WASHINGTON, D.C.—A newly established world record run at the Three Mile Island (TMI-1) reactor in Pennsylvania is the most recent in a series of achievements that demonstrate the world-class reliability and safety of U.S. nuclear energy facilities.
Ceasing electricity production for refueling on Oct. 26 after 705 days of continuous operation, TMI-1 is the first pressurized water reactor (PWR) power plant in the world to eclipse the 700-day mark for continuous operation.
“We come to work every day with safe and reliable operations as our primary goal,” said William Noll, site vice president at Three Mile Island. “TMI-1’s world-class performance is a tribute to the skill, dedication and teamwork displayed by the people who work here.”
There are more than 200 pressurized water reactors worldwide. This is the second American PWR this year to set a world record for reliable operation. In February, Constellation Energy’s Calvert Cliffs 2 in Maryland set the PWR mark at 692.2 days. Six U.S. boiling water reactors have operated for more than 700 days, including Exelon Corp.’s LaSalle 1 in Illinois setting the world record at 739 days in February 2006.
“The safety and reliability of U.S. nuclear energy facilities is second to none,” said Marvin Fertel, president and chief executive officer of the Nuclear Energy Institute. “The world-class reliability of America’s 104 reactors and an excellent industrial safety record demonstrate that our industry is focused on safety.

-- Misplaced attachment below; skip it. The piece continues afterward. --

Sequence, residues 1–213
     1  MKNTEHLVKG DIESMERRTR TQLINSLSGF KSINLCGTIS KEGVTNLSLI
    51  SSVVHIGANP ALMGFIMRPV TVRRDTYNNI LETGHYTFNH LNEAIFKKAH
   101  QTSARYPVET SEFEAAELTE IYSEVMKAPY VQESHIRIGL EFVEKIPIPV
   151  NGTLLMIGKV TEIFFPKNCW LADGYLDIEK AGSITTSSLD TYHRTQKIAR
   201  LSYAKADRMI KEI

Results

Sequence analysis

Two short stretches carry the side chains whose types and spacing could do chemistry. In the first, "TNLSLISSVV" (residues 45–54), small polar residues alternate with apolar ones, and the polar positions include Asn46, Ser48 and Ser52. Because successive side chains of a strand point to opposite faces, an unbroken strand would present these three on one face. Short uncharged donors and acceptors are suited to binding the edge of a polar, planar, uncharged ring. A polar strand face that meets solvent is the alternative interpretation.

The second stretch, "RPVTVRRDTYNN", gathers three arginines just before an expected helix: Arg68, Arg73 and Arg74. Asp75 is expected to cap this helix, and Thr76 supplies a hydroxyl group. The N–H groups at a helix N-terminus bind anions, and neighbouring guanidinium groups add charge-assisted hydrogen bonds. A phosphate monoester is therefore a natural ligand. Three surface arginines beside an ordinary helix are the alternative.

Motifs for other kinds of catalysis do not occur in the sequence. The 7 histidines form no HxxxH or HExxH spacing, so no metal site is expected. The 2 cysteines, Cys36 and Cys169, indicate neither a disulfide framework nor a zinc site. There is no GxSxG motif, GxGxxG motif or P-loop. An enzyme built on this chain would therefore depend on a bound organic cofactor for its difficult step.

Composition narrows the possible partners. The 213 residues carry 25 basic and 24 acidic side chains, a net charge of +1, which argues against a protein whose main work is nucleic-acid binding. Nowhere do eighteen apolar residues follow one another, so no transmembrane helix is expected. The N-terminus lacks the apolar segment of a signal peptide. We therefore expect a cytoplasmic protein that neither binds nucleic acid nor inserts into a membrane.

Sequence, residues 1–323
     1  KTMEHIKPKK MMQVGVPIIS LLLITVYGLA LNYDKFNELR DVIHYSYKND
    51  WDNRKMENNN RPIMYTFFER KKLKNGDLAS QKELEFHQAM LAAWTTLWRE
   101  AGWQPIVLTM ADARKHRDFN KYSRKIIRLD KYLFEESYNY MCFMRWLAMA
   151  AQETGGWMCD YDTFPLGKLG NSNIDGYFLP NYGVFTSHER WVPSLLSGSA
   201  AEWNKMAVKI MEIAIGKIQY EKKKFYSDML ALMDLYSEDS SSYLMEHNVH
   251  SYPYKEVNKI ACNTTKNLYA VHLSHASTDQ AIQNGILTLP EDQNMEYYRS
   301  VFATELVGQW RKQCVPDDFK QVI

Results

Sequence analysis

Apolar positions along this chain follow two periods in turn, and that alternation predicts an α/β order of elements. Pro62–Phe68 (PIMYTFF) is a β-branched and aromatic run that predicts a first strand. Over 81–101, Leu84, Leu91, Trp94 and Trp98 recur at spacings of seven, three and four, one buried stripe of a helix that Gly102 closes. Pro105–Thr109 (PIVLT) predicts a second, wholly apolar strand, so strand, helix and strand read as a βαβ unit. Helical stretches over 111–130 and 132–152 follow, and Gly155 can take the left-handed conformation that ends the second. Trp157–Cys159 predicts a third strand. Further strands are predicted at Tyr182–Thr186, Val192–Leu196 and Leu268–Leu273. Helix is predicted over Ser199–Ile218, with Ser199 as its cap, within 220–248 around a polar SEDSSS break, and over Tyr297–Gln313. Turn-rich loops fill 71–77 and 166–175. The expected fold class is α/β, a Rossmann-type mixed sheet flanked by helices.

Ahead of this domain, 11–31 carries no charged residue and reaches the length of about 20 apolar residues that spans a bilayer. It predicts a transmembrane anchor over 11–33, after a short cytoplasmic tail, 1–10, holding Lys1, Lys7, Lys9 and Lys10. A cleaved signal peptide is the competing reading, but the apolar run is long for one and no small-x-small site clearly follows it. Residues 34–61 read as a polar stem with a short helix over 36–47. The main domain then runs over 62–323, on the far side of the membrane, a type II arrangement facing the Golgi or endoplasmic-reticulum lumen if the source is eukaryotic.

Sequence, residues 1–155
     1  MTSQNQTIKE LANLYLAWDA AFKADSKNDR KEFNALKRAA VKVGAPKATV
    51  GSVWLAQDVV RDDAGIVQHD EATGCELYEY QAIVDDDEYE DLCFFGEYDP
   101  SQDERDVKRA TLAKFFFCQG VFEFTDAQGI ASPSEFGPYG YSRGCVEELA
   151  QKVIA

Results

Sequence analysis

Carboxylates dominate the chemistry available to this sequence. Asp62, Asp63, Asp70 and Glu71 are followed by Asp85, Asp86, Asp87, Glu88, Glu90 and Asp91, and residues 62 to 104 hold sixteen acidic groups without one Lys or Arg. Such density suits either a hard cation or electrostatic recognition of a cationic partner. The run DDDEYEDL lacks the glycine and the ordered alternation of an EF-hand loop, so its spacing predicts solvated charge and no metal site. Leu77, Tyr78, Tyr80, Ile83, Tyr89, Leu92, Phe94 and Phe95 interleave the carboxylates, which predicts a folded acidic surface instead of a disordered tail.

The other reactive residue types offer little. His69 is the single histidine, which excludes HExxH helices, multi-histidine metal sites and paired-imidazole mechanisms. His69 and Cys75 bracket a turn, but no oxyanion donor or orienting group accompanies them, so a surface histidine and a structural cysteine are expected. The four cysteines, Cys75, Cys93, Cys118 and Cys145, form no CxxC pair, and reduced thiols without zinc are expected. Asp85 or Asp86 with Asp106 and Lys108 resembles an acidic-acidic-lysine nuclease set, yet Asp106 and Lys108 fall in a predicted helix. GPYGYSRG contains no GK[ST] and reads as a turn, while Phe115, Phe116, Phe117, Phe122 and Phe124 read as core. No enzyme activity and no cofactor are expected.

“This commitment to safety yields outstanding performance as nuclear power plants are maintained and operated with great precision and care. This performance enables our plants to provide continuous, low-carbon, low-cost electricity to millions upon millions of Americans,” Fertel added.
A growing number of national and individual plant records have been set in 2009, including:
Located in 31 states, 104 commercial reactors produce electricity for one of every five homes and businesses in America. Sixty-nine of the reactors are PWRs; 35 are BWRs. The majority of U.S. nuclear plants operate on an 18-month cycle that enables them to coordinate refueling outages during the fall or spring, when demand for electricity is typically low.
The ability of the plants to operate safely and continuously from one refueling outage to the next has made the nuclear energy the most reliable source of electricity. With an average annual capacity factor of 91.5 percent, nuclear power plants are well ahead of coal (71 percent), natural gas (42 percent), wind (31 percent), hydro (27 percent) and solar (21 percent). A capacity factor is a measure of the actual production of electricity to the theoretical production if the plant operated at full power all of the time.
In 2008, U.S. nuclear plants achieved half of the top 50 capacity factors among the world’s 439 nuclear plants. Calvert Cliffs 2 and Duke Power’s Catawba 2 (the top two performers with capacity factors of 101.37 percent and 101.36 percent respectively) were joined by the Tennessee Valley Authority’s Sequoyah 1 and Entergy Nuclear’s Indian Point 3 in the list of the world’s top 10 performers last year.